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|Monday, July 17, 2000, updated at 09:38(GMT+8)|
So Far So Good for BeijingBeijing has got a big thumbs-up for its efforts to prepare for the 21st Universiade (student games).
The "pat on the back" came as the International University Sports Federation (FISU) completed its week-long investigation into the city's preparations for next year.
"I am really delighted with the progress that the organizing committee is making here in Beijing for the Universiade 2001 - the progress is a phenomenon, and we are very happy," George E. Killian, president of the FISU, said.
"There are still things that need to be done, but they are minor and the organizing committee is co-operative. So things are going well."
Since 1998, when Beijing was told it could hold the 21st Universiade, it did everything it possibly could to prepare for its first major international sporting event.
A Universiade Village will be completed by April next year, which will accommodate around 8,000 athletes and sports officials.
And wireless transfer of information between computers will be realized during the competition period from August 22 to September 2 next year.
It is the first time for such advanced technology to be adopted at an international sporting event.
Preparations for medical care, weather forecasts, and volunteers' services are also under way.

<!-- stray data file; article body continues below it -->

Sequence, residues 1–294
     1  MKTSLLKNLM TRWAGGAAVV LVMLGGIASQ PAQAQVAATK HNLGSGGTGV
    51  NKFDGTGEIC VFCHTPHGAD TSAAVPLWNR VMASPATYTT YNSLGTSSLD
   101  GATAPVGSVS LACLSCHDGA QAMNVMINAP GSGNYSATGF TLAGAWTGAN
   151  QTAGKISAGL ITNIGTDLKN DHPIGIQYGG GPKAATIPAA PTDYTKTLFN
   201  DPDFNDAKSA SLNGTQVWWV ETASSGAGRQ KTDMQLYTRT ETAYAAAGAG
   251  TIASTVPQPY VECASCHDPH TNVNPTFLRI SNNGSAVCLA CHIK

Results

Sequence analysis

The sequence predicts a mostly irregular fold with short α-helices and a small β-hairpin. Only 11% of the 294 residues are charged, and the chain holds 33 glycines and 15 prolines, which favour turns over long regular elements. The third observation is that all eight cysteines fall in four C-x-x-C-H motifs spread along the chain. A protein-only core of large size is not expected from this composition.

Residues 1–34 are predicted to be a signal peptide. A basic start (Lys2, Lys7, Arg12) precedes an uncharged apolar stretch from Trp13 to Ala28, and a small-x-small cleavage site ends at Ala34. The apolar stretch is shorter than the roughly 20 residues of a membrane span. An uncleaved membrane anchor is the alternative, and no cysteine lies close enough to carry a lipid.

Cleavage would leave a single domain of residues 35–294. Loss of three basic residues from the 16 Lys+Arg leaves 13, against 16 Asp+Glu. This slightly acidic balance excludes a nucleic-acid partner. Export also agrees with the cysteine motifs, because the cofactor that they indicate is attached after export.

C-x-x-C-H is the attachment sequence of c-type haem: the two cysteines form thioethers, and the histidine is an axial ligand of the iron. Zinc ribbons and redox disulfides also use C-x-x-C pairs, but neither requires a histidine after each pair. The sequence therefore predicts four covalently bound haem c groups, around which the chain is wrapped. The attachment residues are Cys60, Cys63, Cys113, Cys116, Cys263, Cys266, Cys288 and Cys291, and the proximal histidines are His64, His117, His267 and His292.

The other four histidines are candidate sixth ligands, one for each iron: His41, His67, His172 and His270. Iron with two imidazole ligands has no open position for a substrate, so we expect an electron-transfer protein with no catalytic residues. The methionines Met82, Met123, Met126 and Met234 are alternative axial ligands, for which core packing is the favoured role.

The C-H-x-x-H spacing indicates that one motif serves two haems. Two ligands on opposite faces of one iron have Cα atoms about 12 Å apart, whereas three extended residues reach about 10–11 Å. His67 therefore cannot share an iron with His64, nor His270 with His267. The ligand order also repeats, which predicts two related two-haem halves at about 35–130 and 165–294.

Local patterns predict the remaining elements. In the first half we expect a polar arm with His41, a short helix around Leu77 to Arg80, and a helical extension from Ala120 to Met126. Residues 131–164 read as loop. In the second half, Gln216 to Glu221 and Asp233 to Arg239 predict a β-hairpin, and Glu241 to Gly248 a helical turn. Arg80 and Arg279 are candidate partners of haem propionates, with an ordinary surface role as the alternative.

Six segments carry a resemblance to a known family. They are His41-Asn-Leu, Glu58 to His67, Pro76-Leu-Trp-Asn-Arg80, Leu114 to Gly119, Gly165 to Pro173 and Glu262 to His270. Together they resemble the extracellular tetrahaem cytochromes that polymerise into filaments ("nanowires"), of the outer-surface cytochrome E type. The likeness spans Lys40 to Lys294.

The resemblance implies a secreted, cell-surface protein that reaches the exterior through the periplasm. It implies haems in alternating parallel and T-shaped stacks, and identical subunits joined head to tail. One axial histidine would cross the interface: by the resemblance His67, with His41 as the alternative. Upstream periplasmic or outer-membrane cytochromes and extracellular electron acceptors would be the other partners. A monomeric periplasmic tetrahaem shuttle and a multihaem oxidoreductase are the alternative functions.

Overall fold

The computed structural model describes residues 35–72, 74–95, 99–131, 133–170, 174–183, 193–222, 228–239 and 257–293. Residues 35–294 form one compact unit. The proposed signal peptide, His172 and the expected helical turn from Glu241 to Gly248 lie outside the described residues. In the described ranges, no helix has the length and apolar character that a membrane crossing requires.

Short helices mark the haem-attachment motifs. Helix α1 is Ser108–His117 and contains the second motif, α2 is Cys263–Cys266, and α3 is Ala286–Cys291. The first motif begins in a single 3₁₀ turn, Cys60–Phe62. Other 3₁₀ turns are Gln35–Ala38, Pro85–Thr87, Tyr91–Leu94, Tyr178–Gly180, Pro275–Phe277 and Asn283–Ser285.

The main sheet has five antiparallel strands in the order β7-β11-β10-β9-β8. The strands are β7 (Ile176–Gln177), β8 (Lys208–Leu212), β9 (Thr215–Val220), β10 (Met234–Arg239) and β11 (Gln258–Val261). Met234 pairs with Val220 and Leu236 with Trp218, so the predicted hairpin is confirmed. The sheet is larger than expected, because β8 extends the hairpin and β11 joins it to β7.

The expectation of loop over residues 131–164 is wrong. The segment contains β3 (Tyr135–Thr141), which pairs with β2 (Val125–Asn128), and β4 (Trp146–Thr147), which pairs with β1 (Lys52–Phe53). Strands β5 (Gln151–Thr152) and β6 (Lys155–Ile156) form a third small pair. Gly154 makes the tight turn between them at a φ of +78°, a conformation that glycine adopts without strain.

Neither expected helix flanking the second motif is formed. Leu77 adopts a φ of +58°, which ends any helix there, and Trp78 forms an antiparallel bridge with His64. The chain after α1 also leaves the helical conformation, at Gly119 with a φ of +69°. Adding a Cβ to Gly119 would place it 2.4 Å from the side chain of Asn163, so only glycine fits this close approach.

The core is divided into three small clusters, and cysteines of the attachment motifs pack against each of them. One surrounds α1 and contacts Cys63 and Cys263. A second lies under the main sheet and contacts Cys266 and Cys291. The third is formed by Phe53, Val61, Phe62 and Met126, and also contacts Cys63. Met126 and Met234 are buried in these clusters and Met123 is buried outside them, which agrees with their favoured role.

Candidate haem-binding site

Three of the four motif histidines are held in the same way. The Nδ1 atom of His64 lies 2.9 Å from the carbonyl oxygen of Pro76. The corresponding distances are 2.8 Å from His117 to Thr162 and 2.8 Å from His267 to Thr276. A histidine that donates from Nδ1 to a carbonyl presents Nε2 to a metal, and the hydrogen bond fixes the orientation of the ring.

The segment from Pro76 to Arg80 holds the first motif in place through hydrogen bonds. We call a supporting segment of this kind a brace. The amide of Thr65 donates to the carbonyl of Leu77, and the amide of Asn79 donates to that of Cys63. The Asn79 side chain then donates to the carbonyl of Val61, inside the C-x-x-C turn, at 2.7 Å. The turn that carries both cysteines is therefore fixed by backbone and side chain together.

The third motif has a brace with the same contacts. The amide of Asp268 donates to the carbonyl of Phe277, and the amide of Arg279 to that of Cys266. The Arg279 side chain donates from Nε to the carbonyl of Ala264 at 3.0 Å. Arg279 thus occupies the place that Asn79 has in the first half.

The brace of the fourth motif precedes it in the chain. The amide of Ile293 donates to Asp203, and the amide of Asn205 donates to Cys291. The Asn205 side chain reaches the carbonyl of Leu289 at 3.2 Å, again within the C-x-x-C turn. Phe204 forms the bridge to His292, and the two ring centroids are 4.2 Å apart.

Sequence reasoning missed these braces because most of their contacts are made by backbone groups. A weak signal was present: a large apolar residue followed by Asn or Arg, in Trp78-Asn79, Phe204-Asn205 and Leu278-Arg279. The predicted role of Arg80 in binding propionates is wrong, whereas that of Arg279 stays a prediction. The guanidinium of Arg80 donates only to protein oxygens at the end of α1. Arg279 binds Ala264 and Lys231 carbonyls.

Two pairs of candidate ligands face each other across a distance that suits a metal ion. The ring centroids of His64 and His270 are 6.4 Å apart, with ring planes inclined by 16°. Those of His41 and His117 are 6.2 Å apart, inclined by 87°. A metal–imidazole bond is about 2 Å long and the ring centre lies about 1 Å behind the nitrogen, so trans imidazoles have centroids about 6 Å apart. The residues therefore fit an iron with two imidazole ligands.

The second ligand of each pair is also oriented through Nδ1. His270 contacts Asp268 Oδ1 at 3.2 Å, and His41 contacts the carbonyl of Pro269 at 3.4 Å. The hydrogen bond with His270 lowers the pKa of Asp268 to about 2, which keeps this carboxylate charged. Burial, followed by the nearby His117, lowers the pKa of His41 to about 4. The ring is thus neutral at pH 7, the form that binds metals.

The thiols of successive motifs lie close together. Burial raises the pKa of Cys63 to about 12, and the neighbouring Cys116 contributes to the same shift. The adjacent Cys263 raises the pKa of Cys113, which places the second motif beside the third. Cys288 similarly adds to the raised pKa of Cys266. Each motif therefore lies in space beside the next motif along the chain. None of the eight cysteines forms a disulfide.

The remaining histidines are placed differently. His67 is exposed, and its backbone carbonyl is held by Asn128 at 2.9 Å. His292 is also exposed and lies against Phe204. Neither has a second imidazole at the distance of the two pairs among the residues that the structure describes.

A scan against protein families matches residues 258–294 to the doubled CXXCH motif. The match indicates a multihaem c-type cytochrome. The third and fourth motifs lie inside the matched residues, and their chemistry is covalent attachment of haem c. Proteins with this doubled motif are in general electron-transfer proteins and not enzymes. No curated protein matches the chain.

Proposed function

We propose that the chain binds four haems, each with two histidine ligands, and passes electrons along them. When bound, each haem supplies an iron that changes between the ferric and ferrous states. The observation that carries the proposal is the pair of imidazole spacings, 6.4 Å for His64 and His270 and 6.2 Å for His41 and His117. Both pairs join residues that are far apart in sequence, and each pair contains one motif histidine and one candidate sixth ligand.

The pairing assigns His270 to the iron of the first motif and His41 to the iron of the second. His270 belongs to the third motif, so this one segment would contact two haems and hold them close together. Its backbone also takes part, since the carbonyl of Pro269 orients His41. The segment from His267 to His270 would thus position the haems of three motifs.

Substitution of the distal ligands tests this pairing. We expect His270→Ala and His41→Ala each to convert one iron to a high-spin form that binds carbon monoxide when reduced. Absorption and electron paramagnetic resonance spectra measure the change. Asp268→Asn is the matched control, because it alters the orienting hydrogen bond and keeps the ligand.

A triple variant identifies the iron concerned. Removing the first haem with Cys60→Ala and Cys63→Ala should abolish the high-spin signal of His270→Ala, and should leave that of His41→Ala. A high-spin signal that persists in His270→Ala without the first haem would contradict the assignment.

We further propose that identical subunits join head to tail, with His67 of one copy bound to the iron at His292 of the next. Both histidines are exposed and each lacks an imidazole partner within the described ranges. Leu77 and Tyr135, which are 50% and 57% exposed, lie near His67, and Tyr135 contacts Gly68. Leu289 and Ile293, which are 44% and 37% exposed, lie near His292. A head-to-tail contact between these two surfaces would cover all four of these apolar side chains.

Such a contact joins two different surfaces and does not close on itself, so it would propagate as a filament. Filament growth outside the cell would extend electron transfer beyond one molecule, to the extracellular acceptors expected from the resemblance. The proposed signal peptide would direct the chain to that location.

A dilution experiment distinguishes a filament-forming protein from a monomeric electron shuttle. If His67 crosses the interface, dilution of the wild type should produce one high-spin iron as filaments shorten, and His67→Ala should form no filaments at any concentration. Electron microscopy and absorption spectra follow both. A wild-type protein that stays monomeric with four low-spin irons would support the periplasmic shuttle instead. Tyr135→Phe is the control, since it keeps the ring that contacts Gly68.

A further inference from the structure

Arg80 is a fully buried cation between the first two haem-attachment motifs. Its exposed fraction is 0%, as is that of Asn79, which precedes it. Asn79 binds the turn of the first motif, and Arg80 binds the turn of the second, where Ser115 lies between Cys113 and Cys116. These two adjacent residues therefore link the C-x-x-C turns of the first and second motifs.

Beijing's efforts for the 21st Universiade also won praise from delegations of Taegu, a South Korean city which succeeded on Saturday in its bid to hold the 2003 Summer Universiade.
"Beijing's experience is quite helpful for us to prepare for the 2003 Summer Universiade. We will come in 2001 to take a look at all the facilities and events, and hopefully we can learn something," Mun Hee-gab, mayor of Taegu, said.
"There has been a great deal of progress in the development of Beijing since I first came here 13 years ago. And I think Beijing will hold the best ever Universiade in history," Mun added.
Beijing displayed its potential and capacity to hold world sports events by organizing the 21st Universiade.
And the city has issued its bid for the 2008 Olympics.
"I think you have a good chance for 2008, and you will have a better chance in 2008 when people have an opportunity to see how well you have done with the Universiade 2001, because one builds on the other," Killian said.
"What you have to do, in my opinion, is to have 80,000 (spectators) at the opening ceremony and have 70,000 at the closing ceremony."
"And every time you organize a game - volleyball, gymnastics whatever, it is better that the place is packed.
"People who want to see the games are comfortably seated, and then when the newspapers write about the games - 'Oh, the team played in front of 17,000 people.' Then the Olympic officials will regard the country as a good place to go," Killian suggested.
Also on Saturday, the FISU made an official announcement that Taegu, of South Korea, and Tarvisio, of Italy, will host the 2003 Summer and Winter Universiade respectively.
And Izmir in Turkey was chosen to hold the 2005 Summer Universiade.
FISU President George E. Killian left Beijing yesterday, and he will be back in two or three months.
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